Ralph Waldo Emerson famously said, “Life is a journey, not a destination.” He could just as well have been referring to business process automation. At Kinetic Data, we’ve seen hundreds of leading companies and organizations struggle with the concepts of workflow automation applied to their particular environment. What follows is the Kinetic Automation Maturity Model(sm) broken down into six stages for assessment and opportunity.
Business Process Automation Overview
- All business processes start with a request (e.g., a customer places an order; an employee submits an IT support ticket; an executive asks for a report; etc.) and ends with fulfillment. Redesigning workflows to replace manual, human steps with digital, machine-executed tasks can provide massive cost savings to enterprises.
- Business processes targeted for improvement generate such results because of iteration. The spectrum of iteration ranges from fully manual to complete automation of workflows. All iterative workflows have the fundamental goal of improving productivity, lowering completion time and ultimately optimizing the quality to complete and free resources for meaningful work outcomes.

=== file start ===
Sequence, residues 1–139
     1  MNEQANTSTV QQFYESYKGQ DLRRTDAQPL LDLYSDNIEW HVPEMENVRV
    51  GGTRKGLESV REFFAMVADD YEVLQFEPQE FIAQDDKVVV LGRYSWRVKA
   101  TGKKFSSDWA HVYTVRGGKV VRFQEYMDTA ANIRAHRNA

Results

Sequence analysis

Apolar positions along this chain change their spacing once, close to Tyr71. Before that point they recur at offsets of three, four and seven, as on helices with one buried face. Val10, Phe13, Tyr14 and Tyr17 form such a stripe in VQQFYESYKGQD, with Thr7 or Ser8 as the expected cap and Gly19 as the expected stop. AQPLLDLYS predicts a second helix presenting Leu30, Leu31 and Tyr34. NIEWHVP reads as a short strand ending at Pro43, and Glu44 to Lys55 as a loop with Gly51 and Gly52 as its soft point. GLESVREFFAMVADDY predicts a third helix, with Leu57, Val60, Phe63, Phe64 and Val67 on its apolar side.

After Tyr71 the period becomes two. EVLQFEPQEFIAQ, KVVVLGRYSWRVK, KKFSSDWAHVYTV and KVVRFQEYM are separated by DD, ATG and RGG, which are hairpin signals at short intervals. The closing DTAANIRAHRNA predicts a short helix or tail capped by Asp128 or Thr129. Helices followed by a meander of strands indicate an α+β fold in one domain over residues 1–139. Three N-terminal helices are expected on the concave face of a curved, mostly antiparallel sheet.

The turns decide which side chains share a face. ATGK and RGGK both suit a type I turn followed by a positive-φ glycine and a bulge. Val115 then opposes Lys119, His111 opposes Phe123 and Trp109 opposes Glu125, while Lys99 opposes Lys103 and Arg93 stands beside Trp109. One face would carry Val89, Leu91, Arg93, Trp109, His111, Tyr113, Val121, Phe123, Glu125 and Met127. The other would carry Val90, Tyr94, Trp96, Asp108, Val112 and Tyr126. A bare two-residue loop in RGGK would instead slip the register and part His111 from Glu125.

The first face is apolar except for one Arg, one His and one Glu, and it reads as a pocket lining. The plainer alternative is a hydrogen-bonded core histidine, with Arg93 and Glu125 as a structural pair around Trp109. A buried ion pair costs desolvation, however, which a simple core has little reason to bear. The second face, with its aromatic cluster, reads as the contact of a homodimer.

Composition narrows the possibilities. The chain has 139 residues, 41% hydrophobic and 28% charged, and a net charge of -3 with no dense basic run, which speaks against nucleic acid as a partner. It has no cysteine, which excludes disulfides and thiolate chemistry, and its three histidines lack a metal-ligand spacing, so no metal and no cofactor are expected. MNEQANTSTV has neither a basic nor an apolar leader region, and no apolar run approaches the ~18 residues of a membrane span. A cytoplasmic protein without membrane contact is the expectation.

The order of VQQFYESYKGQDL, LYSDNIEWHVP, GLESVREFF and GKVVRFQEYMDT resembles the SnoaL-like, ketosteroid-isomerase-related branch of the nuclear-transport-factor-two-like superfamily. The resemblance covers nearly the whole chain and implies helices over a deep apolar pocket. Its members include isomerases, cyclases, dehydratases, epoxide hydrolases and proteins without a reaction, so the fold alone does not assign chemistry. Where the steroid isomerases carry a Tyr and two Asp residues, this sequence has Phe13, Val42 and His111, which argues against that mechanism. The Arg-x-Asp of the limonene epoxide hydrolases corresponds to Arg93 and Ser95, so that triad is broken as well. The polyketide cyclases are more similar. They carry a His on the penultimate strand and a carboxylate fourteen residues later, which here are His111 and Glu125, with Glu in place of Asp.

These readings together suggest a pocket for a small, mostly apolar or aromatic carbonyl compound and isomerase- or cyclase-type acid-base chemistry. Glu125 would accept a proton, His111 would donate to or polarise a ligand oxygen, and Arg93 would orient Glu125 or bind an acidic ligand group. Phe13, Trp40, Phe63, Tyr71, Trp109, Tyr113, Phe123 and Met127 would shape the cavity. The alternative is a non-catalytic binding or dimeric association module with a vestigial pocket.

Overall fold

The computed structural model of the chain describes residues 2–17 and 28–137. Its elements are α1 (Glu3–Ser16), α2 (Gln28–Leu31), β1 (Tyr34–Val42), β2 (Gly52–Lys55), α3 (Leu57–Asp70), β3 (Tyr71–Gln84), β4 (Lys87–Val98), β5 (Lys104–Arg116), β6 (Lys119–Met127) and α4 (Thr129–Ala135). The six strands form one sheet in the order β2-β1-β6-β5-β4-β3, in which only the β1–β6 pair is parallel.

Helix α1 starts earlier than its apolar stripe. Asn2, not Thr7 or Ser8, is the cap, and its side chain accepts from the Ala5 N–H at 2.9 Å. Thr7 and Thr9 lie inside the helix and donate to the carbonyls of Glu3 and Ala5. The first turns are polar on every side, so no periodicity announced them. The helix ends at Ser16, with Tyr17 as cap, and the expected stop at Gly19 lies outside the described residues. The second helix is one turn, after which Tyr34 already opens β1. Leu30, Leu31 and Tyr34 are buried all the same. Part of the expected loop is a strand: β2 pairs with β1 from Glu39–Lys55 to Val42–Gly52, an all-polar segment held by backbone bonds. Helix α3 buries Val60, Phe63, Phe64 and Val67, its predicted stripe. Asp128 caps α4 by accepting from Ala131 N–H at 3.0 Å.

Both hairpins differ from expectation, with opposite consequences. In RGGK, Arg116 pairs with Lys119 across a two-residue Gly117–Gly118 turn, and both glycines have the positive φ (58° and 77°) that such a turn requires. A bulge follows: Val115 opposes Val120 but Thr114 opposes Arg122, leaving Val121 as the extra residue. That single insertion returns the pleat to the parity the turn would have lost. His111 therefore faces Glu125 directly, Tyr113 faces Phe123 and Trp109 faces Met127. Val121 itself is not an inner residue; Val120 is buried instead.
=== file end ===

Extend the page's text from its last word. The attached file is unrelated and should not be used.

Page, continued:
- Even partial business process flow automation improves productivity and outcomes. Let’s not forget that not every process needs full automation. It simply may be 20% automation yields the maximum efficiency. But when determined as a process candidate, full workflow automation results in much more dramatic savings as we’ll see shortly.
- The Kinetic Automation Maturity Model (KAMM) details the steps in this process. Every business process within your organization is at one of these phases. Knowing or learning which processes are ripe for increasing automation will result in focused efforts on the highest impact activities to move your organization forward.
By increasing your business process automation maturity level, you can get more work done faster, with greater accuracy, compliance and agility.
The KAMM model
S1 (R → U): This is an unstructured, unmanaged process. It provides no visibility to the requester and is manually fulfilled. For example: a user, a customer or a partner submits a request (“R”) through a form or by sending an email. On the other end, a human decides what to do with that unstructured (“U”) request and then must determine how to handle and how to complete.